“Jesus spoke to the people once more and said, “I am the light of the world. If you follow me, you won’t have to walk in darkness, because you will have the light that leads to life.”         John 8v12

As I write this post we are full square in the season of Advent. In fact, there’s just  one more Sunday to go  then Christmas Day when the final candle will be lit as Christ’s anticipated coming is realised in the birth of the God child Jesus.

Like many light festivals, Advent is full of hope as it remembers and anticipates God entry  into our world. An environment fashioned by human darkness which God chooses to embrace as the Divine becomes incarnate and engages with us and our broken humanity. A dark world in which Jesus is the promise that change is just around the corner.

Of course, it took another 33 years for the full dynamics of God’s gift to be realised – but not long in terms of Millennium. The infant Jesus had to grow into the adult who would teach, argue and challenge the darkness before dying and resurrecting to  eternal life to prove his words were true and his credentials and authority was from God.

This Christmas, consider the light- an infant flame whom angels bowed down to and Kings journeyed to see- not because he was a baby but rather the promised Messiah who had arrived to begin his mission of saving the world.


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When temples are destroyed…

But the Jewish leaders demanded, “What are you doing? If God gave you authority to do this, show us a miraculous sign to prove it.”                                                                                                               “All right,” Jesus replied. “Destroy this temple, and in three days I will raise it up.”             “What!” they exclaimed. “It has taken forty-six years to build this Temple, and you can rebuild it in three days?” (John 2v18-21)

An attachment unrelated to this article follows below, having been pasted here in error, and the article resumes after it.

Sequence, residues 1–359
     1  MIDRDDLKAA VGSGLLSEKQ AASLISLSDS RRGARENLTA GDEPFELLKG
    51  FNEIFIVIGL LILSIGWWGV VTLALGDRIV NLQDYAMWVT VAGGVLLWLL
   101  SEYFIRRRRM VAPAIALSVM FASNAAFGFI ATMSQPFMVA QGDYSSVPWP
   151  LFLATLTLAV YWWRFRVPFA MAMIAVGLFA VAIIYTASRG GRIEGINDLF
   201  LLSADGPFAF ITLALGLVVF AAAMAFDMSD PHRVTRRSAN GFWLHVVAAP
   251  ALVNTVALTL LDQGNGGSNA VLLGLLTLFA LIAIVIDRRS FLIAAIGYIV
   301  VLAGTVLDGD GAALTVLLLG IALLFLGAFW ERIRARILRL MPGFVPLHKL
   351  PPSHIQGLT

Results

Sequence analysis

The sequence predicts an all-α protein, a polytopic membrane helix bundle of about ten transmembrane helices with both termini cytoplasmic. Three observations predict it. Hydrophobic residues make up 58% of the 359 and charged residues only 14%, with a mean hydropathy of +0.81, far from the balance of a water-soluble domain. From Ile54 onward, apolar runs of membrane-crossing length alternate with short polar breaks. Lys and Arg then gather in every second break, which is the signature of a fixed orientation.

We pick up this story moments after Jesus has overturned the tables of the dealers in the temple. Incensed at how God’s temple has become a place of injustice to the poor who are forced to pay exorbitant prices to make their sacrifices, Jesus lambasts the traders then the Jewish leaders. In response, the leaders challenge Jesus to prove he is from God. After all, if he is, surely he can provide the accompanying miracle?

While it seems that Jesus side-steps the leaders’ demands, he actually does offer them insight into the forthcoming  miracle – the greatest of all – that ought prove to them that he is who he says he is. The leaders reaction to Jesus’ claim that if the temple is destroyed, he will rebuild it in three days, shows the shortfall in thinking and understanding between them. The leaders thinking is simplistic as they believe Jesus is talking about the building. In actual fact, Jesus references his own body as a temple that will be destroyed to make amends for sin, then resurrected three days later as a miracle to prove God’s authority is upon him to speak and act.

I like to imagine Jesus standing with arms open wide (crucifix-like) as he tells them to ‘destroy this temple’ then kindly responds to their rebuff and lack of insight as they grasp at the wrong end of the stick and miss the greater thing that God is doing. This week, why not join me in asking God to open our eyes to see beyond the limits of our present human understanding towards the greater things that God is doing. Be blessed!